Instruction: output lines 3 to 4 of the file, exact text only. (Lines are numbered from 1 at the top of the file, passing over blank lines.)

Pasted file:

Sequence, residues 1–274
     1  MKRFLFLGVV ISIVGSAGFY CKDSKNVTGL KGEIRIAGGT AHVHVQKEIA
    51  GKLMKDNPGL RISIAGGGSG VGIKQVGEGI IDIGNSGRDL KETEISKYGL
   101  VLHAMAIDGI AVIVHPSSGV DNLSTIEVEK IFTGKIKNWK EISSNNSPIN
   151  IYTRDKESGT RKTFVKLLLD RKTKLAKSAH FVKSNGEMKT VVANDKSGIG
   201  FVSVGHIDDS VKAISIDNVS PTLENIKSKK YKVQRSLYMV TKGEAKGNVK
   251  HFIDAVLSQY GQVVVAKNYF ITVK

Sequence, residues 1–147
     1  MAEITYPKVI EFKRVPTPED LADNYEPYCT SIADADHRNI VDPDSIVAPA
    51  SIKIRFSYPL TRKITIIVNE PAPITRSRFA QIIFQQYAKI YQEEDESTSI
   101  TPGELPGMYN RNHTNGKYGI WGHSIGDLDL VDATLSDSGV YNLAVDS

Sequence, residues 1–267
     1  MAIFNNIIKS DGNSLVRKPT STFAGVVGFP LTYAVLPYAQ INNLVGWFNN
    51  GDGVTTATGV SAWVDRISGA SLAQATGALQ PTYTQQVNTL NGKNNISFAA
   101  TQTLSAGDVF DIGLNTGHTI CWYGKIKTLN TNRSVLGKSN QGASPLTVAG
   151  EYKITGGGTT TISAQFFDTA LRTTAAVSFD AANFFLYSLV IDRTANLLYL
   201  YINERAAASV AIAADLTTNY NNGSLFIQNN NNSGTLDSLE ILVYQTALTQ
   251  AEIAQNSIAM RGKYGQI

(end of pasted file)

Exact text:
    51  GKLMKDNPGL RISIAGGGSG VGIKQVGEGI IDIGNSGRDL KETEISKYGL
   101  VLHAMAIDGI AVIVHPSSGV DNLSTIEVEK IFTGKIKNWK EISSNNSPIN